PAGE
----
• Flowers Whisper.

University of California, Los Angeles. His most recent work addresses the history of oratory and ritual speech genres in early China. How was writing used in the presentation of such narratives, in the commemoration of settled disputes, and in the formulation of principles to guide later judgments? How did the scene of judgment—the confrontation of disputants in the presence of a judge of one kind or another—condition forms of narration and, in the case of the Chunqiu, later pedagogical practices?

How did conceptions of reciprocity in ritual propriety li relate to more abstract notions of justice? How did the roles of the shi scribe, astrologer, and only later historian relate to questions of legal judgment? The ultimate aim is to identify as completely as possible, on the basis of the opening Herodotean observations, the quasi-legal underpinnings of historical activity in classical Greece and China, and in this way to establish a basis for further comparisons.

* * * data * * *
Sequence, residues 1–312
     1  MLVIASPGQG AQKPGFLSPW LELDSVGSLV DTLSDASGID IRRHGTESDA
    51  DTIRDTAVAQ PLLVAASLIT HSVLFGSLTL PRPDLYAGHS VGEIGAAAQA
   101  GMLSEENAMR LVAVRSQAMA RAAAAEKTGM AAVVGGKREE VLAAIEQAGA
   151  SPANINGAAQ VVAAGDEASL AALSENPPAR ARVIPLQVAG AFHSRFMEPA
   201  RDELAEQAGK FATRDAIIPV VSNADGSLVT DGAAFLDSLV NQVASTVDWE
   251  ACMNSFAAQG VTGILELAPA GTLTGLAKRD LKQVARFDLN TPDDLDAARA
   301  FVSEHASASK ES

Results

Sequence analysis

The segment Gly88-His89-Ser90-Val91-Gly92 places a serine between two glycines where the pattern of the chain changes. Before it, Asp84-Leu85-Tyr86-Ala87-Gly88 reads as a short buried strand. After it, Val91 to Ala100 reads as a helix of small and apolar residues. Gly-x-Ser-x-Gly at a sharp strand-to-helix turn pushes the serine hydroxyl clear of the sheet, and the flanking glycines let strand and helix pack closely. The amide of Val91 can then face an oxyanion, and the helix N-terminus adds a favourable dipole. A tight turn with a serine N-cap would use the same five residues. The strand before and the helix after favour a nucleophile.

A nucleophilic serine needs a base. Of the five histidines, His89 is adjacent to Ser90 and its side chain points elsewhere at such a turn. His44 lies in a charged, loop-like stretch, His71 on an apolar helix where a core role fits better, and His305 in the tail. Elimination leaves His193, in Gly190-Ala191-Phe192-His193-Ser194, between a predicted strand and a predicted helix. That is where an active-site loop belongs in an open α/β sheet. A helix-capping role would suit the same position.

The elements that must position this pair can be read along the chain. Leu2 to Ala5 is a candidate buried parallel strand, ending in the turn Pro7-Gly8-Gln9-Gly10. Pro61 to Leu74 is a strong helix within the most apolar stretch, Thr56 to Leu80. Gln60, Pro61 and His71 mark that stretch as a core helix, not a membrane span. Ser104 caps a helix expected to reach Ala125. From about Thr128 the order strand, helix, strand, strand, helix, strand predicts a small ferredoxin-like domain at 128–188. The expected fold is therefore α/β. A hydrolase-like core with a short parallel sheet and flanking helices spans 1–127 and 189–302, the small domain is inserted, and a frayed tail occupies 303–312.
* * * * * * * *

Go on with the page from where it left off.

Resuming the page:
The pre-imperial Chinese inhabited a universal space, but for centuries their feudal states did not feel bound to a universal chronology. Each maintained its own. The Qin empire imposed a single, central chronology to match its sole legitimate title to power, an example followed by its successor, the Han. Late in the first century BC, the relationship of official historians to centres of power, whether feudal or imperial, received a firm definition in the first imperial bibliography, which viewed and classified their work as canonical.